Is the UK obsessed with peak-load flow rate?
Published: 05 June, 2014
From experience with commissioning procedures, often informal, in other European countries, Chris Parsloe wonders if design return temperature is more important than flow rate.
UK commissioning procedures take a different approach from those in mainland Europe. In 1990 I spent an enjoyable time visiting design companies in France, Germany, Holland, Belgium Italy and Denmark to compare their commissioning procedures with ours. I wrote up the results in the BSRIA guide ‘European commissioning procedures’.
The upshot was that they were more relaxed about flow rates than UK engineers. There was a general acceptance that flows should be set within a tolerance of, say, ±10% but there was no proper witnessing or checking to confirm that these tolerances had been achieved. Unlike the UK, they did not employ commissioning specialists to set flow rates.
Furthermore, there was no formal responsibility for designers to witness and sign off the commissioning results. Instead there was a more pragmatic view taken that unless the system was shown not to be performing as intended, there was no reason to investigate flows. So flow rates were often set by the installer without checking by any independent authority.
This difference in culture even led to different valves being developed for the UK market.
On mainland Europe, the normal solution was to specify a variable-orifice valve. This was a valve where flow rate was determined by measuring the pressure differential across the variable opening of the regulating valve.
In the UK we preferred fixed-orifice valves where an orifice plate was close coupled to a regulating valve. The fixed orifice valve is generally more accurate and repeatable.
At the time, I took a view that our approach was probably the best out the countries that I visited and that waiting to see if there was a problem seemed a potentially risky approach that gave no reassurance to the client.
However, through the 1990s there was an ongoing debate in the UK about the relevance of flow rates to system performance. It was pointed out that for low-load sensible heating and cooling situations, close accuracy of flow rate setting was not critical to system performance. These views were expressed during re-writes of the various CIBSE and BSRIA commissioning documents — including the latest 2011 versions.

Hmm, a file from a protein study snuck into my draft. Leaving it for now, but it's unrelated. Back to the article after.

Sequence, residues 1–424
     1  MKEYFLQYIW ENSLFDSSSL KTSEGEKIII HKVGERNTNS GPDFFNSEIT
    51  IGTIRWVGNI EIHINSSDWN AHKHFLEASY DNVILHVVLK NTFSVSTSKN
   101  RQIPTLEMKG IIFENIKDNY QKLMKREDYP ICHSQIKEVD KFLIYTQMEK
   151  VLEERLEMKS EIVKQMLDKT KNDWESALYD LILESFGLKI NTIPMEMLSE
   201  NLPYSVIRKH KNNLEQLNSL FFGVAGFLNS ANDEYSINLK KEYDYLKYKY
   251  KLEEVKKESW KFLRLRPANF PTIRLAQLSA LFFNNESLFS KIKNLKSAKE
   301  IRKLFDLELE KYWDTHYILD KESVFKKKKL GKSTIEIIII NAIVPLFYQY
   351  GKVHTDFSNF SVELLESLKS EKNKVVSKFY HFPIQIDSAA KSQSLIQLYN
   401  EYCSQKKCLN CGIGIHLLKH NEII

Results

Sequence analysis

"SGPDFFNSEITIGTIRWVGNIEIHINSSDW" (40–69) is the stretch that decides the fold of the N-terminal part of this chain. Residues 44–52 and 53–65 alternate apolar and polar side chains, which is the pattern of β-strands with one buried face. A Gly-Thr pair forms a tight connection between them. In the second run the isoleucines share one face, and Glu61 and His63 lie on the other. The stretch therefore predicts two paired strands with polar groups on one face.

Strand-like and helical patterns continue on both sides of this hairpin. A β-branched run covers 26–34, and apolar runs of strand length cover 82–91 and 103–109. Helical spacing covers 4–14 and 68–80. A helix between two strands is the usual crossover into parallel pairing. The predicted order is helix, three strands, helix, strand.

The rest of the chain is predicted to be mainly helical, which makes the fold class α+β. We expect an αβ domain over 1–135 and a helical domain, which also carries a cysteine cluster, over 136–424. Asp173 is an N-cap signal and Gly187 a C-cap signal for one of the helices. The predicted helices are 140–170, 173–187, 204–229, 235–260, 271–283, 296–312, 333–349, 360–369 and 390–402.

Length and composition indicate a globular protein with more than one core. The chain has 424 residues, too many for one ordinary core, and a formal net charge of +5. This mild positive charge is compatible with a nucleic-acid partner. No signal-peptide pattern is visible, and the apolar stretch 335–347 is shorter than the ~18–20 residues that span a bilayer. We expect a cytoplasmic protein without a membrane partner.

The insistence on tight flow-measurement tolerances has also given rise to problems for systems incorporating pressure-independent control valves (PICVs). These valves enable localised differential-pressure control across integral control valves. This means that the control valve will operate with better valve authority than a conventional 2-port control valve that relies on the presence of a separate differential-pressure control valve.
PICVs usually enable more accurate control of flows, which is good for thermal comfort and central plant energy efficiency. However, maintaining tight control over set flow rates is not their strong point. All differential-pressure controllers rely on the action of a spring to vary the position of the valve plug. As we know all, springs exhibit hysteresis, so how the spring behaves during its compression may not be the same as during its extension. This behaviour will be enough to cause any set flow-rate value to vary during normal system operation and by an amount sufficient to put the commissioned flow rate outside of the normally recommended tolerance band.
As a result, I am sometimes asked to give an opinion on whether set, peak-load flow rates that vary between, say, ±15%, are acceptable when the CIBSE tolerance is ±7.5%. I’d argue that in practice, most heating and cooling loads are so generously sized (and coils deliberately selected to allow for flow variations) that it would be astonishing if a ±15% variation from the design value were to be noticeable in the occupied space. Other engineers might take a different view — and hence a debate begins.
At the same time that we are pondering whether the acceptance of such a wide tolerance band is going to affect the system performance, other more important issues are ignored because they simply aren’t covered by UK commissioning guides. A good example is system return temperatures.
Part L has forced us to incorporate low-energy heat sources such as condensing boilers, CHP or biomass boilers into heating systems. But the predicted energy savings are only likely to be realised if return temperatures are maintained as low as possible (ideally 20 to 40°C). Therefore, a priority of commissioning should be to ensure that the design return temperature is achievable under both peak- and part-load conditions — yet we seldom do this check.
Designers and installers from countries with longer experience of low-carbon heat sources (and district-heating systems) do undertake this check and consider it a priority that over-rides the checking of peak-load flow rates which are seldom indicative of problems.
Overall, I have to say that I now lean more towards the European approach than the typical UK method.
Chris Parsloe is director of Parsloe Consulting Ltd.